Disc Three is the Special Arrange Version from Perfect Collection Ys III. Many will be sad to learn that Ryo Yonemitsu mainly abandoned his arrangement role on this album and most arrangements are handled by Yoshio Tsuru and Hiroyuki Saito. In contrast to previous Perfect Collection albums, this duo are able to offer vastly improved synth and more balanced ensembles. This provides crystal clear chamber music in “Quiet Moments” and blistering rock interpretations in “Valestine Castle”. However, their arrangements are otherwise very conservative and barely deviate from their originals, such that few pieces exceed the minute mark. All that locked up potential in “The Strongest Foe” and “The Boy Who Had Wings” isn’t really brought out in these arrangements lacking solos. And the potential for some of Yonemitsu’s beautiful acoustic guitar overdubbing is not fulfilled in slower tracks like “Radiant Key” and “Morning of Departure” either. This disc is for those looking for resynthings rather than arrangements, yet there is enough of these elsewhere on the box set anyway.
The fourth part of the box set is dedicated to the stylistically diverse second disc of Perfect Collection Ys III. Of the vocal performances, “Departure of Sunrise” and “Darling Elena” will appeal to fans of soft ballads, whereas “Beleive in My Heart” is a high-spirited rock anthem featuring yet another of Falcom’s youthful divas. The three chamber music tracks are bound to have a wider appeal among Western listeners. The melancholic violin performance of “Quiet Moments” and feathery harp-based interpretation of “Radiant Key” are immersive, though the arrangements aren’t quite on par with Michio Fujisawa’s work overall. Also entertaining are Yuzo Hayashi’s funky taken of “Introduction!!” and Takayuki Hijikata’s hard rock version of “Chop”. In the context of the box set, the Falcom Sound Team J.D.K.’s own four arrangements are disappointing. This is mainly due to their low quality synth, however, and some of the arrangements are still good. In fact, the piano-driven interpretation of “Snare of Darkness” is probably the most creative arrangment of the whole Perfect Collection.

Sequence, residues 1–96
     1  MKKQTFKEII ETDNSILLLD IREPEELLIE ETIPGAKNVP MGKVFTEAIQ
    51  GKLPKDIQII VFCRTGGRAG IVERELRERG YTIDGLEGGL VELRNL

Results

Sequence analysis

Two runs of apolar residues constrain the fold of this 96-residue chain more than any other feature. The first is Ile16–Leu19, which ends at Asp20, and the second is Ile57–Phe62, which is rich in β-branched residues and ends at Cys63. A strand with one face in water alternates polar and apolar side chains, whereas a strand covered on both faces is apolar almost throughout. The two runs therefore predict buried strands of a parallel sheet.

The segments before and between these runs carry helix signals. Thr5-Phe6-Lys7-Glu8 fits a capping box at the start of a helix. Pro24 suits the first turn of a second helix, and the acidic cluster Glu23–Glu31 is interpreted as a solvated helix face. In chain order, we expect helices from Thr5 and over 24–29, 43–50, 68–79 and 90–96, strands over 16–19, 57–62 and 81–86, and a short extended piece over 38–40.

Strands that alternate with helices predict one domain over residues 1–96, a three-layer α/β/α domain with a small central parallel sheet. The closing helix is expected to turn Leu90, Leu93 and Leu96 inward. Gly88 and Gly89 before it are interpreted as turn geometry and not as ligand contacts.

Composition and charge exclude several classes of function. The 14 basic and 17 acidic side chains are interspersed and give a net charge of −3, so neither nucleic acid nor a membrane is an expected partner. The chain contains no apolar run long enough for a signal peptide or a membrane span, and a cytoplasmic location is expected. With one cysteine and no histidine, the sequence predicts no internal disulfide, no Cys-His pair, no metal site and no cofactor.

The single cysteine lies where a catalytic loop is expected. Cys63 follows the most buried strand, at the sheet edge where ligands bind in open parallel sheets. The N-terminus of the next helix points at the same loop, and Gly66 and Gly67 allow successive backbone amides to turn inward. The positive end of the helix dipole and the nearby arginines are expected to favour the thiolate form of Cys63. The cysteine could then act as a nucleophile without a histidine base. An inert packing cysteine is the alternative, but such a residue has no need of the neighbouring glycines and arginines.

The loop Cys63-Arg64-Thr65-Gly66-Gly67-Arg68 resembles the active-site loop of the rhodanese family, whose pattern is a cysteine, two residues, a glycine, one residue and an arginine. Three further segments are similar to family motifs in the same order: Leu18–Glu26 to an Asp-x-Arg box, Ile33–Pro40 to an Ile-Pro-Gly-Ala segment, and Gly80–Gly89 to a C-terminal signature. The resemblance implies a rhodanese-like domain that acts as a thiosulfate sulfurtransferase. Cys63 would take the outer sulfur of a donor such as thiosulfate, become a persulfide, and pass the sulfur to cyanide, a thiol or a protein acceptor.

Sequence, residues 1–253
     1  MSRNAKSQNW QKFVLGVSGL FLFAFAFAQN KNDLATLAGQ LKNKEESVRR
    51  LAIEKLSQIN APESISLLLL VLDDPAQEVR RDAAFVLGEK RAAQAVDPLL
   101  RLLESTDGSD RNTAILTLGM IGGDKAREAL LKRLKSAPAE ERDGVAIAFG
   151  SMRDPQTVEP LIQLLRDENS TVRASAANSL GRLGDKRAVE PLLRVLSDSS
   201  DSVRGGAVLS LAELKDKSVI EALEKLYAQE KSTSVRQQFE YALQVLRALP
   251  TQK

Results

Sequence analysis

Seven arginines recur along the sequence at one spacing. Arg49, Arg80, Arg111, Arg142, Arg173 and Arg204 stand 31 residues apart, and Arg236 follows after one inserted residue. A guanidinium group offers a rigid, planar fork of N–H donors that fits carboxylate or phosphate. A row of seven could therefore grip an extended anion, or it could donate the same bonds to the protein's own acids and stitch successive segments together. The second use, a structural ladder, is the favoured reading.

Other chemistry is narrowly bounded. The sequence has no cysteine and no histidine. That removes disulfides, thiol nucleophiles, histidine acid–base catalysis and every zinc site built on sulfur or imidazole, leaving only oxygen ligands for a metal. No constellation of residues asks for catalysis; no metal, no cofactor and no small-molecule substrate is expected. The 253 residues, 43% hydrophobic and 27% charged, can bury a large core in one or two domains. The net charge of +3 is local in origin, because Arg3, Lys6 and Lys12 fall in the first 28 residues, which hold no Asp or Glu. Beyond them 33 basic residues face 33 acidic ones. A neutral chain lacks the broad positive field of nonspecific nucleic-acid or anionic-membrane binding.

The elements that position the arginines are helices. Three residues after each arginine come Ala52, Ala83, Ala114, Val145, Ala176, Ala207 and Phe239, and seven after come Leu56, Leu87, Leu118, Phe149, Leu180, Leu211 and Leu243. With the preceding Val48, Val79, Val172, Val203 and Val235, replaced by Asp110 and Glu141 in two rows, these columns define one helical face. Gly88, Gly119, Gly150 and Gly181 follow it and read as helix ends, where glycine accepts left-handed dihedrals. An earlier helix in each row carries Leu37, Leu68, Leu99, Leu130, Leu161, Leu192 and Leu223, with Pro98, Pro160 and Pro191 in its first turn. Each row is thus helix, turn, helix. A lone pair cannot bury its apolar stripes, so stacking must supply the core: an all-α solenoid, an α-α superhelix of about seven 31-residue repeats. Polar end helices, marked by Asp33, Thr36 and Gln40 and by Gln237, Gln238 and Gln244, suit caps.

The box set continues with the Symphonic Poem Ys III Wanderers from Ys. This orchestral interpretation of Ys III‘s music was previously exclusive to the Falcom Special Box ’92 and, in my opinion, it should have stayed there. The opening interpretation of “A Premonition = Styx =” stinks of pretention and gives the original chord progression grandiose orchestration and exotic qualities it never intended to carry. It’s also boring. The subsequent rendition of “Trading Town of Redmont” is actually very good, offering bright interpretations of the melody and colourful piano sections, before the third movement takes a very dark turn with its Stravinsky-esque orchestration. “Tower of Destiny” takes listeners on a beautiful fantasy-inspired journey during its six minute playtime, but is ultimately hit-and-miss with me and somewhat anticlimactic as the pinnacle of the album. Had this album featured an additional action-packed movement, it might have verged on greatness, but instead it returns back to pretention with the schmaltzy “Morning of Departure” and overblown “Wanderers from Ys”.